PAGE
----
A second event, identified from lava flows and intrusions interpreted on the seismic data, occurred along the north-east to south-west graben structures of the failed rift morphology. This event could be related to the reconfiguration of stress regimes and rotation during rifting evolution. Stress field orientation developed from north-west–south-east to north–south, favored by the onset of the Davie Fracture Zone and the opening of the Somali Basin. The Beira High acted as a backstop for continued rifting, which shifted south-eastwards with accretion of oceanic crust identified from M-anomalies south of the Beira High.
The third magmatic event is observed as sills in the seismic data, intruding the Early Cretaceous section. These are interpreted as resulting from late crustal readjustments and the reactivation of faults and flexure during the sag phase, resulting from thermal relaxation after the rift axis shifted to the south-east of the Beira High.
Beira High Influences Sediment Distribution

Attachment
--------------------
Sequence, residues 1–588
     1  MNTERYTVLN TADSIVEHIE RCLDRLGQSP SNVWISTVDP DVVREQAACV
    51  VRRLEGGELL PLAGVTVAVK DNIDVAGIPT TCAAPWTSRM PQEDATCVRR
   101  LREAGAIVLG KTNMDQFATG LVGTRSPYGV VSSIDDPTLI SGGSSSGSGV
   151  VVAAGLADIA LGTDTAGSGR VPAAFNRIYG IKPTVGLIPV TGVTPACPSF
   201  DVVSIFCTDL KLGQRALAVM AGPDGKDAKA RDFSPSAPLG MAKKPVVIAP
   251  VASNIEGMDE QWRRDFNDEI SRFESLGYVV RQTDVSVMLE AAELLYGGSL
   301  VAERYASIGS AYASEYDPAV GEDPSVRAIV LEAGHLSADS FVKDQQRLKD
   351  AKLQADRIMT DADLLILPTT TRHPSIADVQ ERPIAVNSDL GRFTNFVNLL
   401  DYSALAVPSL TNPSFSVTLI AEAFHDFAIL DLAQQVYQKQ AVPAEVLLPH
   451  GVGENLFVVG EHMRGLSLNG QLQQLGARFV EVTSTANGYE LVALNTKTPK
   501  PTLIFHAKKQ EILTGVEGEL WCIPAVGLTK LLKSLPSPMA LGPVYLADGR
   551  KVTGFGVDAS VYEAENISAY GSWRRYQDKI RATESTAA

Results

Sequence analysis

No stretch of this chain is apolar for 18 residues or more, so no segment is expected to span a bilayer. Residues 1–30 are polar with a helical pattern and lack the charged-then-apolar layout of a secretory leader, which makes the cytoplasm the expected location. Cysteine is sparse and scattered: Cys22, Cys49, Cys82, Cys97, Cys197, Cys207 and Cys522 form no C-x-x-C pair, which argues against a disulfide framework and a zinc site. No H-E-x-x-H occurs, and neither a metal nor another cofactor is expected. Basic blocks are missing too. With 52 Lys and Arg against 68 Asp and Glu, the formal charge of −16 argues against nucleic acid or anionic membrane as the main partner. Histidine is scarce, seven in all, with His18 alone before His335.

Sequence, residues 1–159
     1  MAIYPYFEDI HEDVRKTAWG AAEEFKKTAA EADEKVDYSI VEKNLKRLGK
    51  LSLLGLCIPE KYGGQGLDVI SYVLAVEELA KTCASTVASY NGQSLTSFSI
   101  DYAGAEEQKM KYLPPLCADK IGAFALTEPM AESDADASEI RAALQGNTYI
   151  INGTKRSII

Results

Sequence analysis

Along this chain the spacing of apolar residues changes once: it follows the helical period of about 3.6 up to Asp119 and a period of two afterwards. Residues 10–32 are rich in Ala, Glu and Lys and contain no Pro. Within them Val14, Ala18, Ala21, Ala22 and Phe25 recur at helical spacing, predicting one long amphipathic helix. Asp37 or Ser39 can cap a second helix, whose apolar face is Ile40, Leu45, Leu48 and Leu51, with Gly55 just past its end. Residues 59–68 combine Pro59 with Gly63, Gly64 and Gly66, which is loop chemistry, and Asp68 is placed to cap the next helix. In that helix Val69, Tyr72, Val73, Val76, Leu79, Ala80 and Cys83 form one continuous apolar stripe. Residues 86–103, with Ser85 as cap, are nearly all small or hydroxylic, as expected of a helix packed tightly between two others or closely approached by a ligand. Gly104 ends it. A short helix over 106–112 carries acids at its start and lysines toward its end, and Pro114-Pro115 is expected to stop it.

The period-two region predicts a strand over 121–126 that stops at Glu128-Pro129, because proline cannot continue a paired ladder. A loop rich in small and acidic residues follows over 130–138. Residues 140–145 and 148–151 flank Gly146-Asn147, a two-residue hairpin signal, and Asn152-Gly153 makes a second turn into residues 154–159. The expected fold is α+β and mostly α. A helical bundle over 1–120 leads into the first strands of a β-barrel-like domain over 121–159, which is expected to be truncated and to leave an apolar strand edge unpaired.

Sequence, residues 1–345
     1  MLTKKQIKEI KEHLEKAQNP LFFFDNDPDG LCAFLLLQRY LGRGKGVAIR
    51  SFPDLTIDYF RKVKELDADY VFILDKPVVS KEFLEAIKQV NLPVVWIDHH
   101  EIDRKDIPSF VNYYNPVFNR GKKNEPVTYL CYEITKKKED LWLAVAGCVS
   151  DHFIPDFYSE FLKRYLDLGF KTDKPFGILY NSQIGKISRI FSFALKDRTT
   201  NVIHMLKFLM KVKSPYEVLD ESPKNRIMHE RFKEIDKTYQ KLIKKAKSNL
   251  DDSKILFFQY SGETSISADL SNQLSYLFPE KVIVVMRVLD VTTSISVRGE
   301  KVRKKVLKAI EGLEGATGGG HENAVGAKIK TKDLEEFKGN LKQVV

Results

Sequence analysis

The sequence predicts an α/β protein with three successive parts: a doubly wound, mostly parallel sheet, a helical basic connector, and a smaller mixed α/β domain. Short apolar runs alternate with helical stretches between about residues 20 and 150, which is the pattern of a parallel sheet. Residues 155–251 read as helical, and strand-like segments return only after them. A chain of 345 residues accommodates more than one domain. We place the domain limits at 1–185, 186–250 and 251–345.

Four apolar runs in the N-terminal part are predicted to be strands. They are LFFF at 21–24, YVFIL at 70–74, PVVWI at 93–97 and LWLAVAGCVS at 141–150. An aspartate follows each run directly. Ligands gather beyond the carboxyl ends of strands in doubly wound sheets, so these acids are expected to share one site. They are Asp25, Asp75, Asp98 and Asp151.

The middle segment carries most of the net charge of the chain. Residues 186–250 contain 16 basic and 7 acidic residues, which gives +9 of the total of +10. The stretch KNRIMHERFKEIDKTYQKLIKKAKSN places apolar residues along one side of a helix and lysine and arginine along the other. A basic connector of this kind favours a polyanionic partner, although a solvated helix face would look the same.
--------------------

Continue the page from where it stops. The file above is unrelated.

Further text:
Seismic data analysis reveals that the configuration and location of the Beira High during Early to Late Cretaceous times played a crucial role as a barrier for sediment distribution and its confinement along the basin. The crustal density contrast between the continental Beira High and the oceanic crust induced a buoyancy effect and a gradual uplift. Simultaneously, conditions for a rimmed carbonate platform were established on the inner western flank of the Beira High and subsequently more than 11 km of Mesozoic to Cenozoic sediments were deposited within the basin. Deep marine channel systems, together with mass flow processes, are the predominant mechanisms for sediment distribution within the basin. Observations from seismic attribute maps provide evidence of a south-west to north-east system of meandering channels developed from the early Cretaceous, which evolved to a west–east orientation during the Late Cretaceous and then a north-west to south-east orientation during the Cenozoic (Figure 6).